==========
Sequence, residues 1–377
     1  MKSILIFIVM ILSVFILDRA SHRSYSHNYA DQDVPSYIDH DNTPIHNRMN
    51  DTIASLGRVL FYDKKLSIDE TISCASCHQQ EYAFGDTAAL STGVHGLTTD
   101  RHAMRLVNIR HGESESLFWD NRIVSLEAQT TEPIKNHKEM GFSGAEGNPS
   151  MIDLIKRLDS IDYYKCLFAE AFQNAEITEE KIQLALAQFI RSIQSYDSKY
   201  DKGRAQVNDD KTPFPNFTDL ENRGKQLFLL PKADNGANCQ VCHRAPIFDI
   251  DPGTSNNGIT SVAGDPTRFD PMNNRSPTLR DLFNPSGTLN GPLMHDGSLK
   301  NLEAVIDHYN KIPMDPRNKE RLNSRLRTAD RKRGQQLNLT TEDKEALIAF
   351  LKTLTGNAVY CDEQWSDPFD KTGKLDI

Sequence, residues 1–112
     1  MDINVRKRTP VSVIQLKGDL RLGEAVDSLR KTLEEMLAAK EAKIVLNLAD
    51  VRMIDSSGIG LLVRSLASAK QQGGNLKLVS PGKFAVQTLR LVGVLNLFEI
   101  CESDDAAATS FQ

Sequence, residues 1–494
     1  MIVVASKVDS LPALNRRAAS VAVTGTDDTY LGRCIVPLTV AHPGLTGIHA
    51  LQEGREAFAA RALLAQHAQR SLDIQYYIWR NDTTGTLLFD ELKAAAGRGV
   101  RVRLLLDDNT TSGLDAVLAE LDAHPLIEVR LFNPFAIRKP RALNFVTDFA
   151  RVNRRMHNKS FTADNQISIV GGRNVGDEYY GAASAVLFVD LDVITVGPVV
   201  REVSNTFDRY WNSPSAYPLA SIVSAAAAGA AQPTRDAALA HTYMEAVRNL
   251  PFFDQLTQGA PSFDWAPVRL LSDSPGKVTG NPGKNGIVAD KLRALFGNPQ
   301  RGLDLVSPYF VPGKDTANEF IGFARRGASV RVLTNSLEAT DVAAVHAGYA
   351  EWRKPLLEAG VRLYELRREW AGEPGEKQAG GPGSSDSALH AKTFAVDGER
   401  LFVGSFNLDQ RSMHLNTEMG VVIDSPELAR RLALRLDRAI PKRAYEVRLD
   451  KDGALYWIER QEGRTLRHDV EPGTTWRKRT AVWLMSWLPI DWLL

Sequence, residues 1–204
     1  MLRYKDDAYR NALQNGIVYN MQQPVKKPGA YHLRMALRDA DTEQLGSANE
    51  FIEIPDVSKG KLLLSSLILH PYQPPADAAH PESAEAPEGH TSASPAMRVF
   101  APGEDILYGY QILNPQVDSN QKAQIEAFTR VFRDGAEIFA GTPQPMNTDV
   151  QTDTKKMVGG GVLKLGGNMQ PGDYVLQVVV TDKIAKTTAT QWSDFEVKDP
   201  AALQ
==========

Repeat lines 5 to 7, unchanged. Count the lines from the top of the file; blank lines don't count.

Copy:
   151  MIDLIKRLDS IDYYKCLFAE AFQNAEITEE KIQLALAQFI RSIQSYDSKY
   201  DKGRAQVNDD KTPFPNFTDL ENRGKQLFLL PKADNGANCQ VCHRAPIFDI
   251  DPGTSNNGIT SVAGDPTRFD PMNNRSPTLR DLFNPSGTLN GPLMHDGSLK